|← Mitosis, Meiosis and Mendelian Genetics Theory||Skin Conditions →|
Infection control has become a major issue for almost all health professionals. It has grown considerably also in dental hygiene with the hygienist aiming at reducing the susceptibility to infection on the patients. The principles and concepts of hygiene, infection control and infection prevention have been dealt with since early in the history of dental health care profession by dentists and other personnel on the profession. The dentistry profession has been essential in infection control developments as well as close observers of hygiene during control of infections. It is also important to note that obtaining a completely sterile oral environment is necessary, although the micro-floral and biological realities do not recognize an oral cavity as a sterile environment.
The results of any infection control are greatly influenced by the procedure, hygiene and precautions taken. It is thus important that dentistry professions adhere to the established infection protocol to yield positive sustainable results. Communication, either verbal or non-verbal between the patient and the dentist is also a very vital aspect in realizing a solution for the infections in patients. Health history should be taken thoroughly by the health practitioner to enhance better diagnosis and treatment.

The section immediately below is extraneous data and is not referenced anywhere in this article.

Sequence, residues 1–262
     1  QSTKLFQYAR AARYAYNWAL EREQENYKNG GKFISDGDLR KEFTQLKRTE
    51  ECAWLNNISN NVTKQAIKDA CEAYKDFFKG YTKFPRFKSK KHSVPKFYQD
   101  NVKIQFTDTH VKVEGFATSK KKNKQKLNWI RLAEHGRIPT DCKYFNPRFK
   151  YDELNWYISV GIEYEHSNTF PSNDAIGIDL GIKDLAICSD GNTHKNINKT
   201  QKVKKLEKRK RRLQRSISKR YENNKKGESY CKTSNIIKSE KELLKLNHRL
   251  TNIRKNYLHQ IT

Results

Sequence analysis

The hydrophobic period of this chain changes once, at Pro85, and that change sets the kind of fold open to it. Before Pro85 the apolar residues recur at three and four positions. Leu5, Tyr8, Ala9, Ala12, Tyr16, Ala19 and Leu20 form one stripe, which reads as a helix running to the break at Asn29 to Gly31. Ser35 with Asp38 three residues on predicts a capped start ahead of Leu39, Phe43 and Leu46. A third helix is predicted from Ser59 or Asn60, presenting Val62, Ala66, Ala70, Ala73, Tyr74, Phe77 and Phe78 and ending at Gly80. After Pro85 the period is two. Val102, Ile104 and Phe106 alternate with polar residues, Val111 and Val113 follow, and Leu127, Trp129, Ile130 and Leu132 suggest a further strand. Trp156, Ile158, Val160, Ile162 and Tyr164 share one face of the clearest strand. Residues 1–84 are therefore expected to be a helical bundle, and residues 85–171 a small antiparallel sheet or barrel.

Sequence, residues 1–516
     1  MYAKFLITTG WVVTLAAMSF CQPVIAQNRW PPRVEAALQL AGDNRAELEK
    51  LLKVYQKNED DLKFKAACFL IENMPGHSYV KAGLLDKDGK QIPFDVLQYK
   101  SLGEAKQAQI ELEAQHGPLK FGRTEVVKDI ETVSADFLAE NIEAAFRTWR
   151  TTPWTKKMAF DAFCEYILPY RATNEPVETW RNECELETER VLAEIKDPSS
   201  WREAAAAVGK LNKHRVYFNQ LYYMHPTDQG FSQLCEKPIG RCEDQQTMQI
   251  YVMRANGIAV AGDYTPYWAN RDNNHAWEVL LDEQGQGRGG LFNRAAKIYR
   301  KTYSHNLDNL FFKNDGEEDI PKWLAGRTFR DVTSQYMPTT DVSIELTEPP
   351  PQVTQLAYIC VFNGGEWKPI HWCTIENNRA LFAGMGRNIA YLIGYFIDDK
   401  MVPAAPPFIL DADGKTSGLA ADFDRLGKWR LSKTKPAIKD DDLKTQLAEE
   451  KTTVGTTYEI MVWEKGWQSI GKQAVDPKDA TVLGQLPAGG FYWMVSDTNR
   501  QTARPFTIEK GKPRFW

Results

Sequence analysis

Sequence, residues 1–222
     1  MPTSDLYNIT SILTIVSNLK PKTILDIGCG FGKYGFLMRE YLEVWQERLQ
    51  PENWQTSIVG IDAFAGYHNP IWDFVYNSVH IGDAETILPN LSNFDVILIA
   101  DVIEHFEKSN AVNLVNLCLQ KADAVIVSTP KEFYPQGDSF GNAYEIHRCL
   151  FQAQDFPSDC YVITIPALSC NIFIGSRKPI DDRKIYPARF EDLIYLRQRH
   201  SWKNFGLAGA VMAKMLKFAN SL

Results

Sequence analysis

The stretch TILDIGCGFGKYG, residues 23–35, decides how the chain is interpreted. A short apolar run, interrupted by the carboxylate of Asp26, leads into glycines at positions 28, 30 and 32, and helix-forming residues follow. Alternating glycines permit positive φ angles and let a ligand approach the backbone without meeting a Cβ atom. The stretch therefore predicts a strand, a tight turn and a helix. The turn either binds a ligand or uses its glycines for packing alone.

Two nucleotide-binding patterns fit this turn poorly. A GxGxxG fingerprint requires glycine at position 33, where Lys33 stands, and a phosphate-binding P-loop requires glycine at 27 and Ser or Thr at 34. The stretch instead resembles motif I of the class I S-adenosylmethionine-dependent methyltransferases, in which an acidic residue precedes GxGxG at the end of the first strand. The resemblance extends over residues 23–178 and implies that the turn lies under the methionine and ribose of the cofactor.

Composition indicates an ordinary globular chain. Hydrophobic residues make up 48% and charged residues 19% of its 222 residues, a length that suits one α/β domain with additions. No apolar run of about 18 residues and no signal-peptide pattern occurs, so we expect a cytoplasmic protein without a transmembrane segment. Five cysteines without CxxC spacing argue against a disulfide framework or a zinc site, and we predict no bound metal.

It is observable that the senior student is well versed in the professionalism area under the dental hygiene requirements in therapy. The scrubs are well pressed and the socks and shoes suited the therapy session. The hair is well kept and it did not come out of the scrub and neither does it fall towards the face when the therapist is conducting tests when leaning forward. Additionally no jewelry can be seen, there were no artificial nails or polish and the fingers do not extend beyond the finger length (Walsh, 2011). Closing in the professionalism area, the senior student is very cooperative and related perfectly with peers and instructors just as required and expected.